Journalists and scientists collaborate to cover climate change

In partnership with and Australian Science Media Centre

Image: Dan Gold/Unsplash

Image: Dan Gold/Unsplash

The recent devastating bushfires throughout Australia have elevated the national conversation around climate change.

But, as JNI Executive Director Mark Ryan said, the big and important issues are the most complex, and they can be difficult to explain in ways that are compelling and grounded in facts.

“Putting more scientists in newsrooms can help journalists better inform their readers with evidence-based reporting,” Mr Ryan said.

The Institute has provided funding to place scientists in newsrooms to work with journalists on collaborative projects.

Time Is Now

In partnership with the Australian Science Media Centre and JNI, launched ‘Time is Now‘, a series focusing on the impacts of climate change on Australia’s way of life.

The series examined how climate change affects Australians’ way of life, debunks myths around climate change and bushfires, and what people can do to make a difference. editor-in-chief Kate de Brito said: “We began working with the Australian Science Media Centre in early December and we are grateful to them and the Judith Neilson Institute  for their support in accessing the skills and knowledge of scientists and researchers who work in this area.”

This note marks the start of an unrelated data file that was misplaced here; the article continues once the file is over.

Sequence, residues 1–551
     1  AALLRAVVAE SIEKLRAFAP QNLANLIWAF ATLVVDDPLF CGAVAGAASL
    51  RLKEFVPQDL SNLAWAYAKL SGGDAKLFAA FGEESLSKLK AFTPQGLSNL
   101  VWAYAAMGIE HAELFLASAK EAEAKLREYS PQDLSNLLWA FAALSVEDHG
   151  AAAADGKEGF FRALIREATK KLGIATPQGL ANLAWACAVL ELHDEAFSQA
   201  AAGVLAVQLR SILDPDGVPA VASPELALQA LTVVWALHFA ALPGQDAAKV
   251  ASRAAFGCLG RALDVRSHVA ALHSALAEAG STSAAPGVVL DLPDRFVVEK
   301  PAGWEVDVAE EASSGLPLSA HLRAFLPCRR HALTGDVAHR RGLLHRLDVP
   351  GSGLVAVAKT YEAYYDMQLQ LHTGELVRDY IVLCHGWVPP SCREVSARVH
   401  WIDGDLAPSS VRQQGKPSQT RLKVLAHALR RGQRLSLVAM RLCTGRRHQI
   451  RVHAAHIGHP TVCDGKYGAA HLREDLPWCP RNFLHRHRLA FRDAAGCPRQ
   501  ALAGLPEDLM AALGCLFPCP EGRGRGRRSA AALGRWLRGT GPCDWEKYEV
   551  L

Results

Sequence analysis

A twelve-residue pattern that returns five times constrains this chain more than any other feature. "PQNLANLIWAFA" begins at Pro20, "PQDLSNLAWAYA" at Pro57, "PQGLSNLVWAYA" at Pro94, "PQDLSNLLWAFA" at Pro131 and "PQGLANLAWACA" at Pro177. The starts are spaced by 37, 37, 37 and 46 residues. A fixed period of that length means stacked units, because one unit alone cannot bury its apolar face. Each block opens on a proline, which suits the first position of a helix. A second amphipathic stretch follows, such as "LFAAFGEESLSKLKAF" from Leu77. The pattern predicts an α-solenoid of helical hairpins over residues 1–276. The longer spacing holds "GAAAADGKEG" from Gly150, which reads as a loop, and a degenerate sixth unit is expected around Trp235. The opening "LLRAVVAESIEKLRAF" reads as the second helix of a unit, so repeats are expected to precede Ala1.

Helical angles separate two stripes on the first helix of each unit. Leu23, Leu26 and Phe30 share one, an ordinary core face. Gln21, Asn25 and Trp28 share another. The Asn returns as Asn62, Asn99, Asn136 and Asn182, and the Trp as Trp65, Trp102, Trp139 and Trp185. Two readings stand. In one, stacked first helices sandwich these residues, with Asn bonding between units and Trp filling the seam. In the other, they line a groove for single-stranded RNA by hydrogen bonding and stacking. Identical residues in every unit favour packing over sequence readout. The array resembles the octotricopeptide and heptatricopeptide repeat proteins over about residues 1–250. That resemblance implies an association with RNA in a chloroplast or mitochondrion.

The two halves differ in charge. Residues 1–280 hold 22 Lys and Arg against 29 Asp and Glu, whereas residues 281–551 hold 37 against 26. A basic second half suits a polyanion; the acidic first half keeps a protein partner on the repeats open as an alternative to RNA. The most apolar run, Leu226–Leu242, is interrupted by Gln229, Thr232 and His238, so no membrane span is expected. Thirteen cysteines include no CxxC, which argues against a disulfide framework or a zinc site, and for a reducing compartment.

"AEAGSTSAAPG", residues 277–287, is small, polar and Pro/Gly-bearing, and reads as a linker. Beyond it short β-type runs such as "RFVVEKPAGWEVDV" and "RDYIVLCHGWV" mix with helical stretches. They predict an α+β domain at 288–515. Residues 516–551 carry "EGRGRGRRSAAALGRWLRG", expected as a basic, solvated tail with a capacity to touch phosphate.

Take a look at some of the reporting from the ‘Time Is Now’ series. and Australian Science Media Centre

About the project

In partnership with the Australian Science Media Centre, the Institute is funding newsroom collaborations, placing scientists alongside journalists, to provide accurate, scien.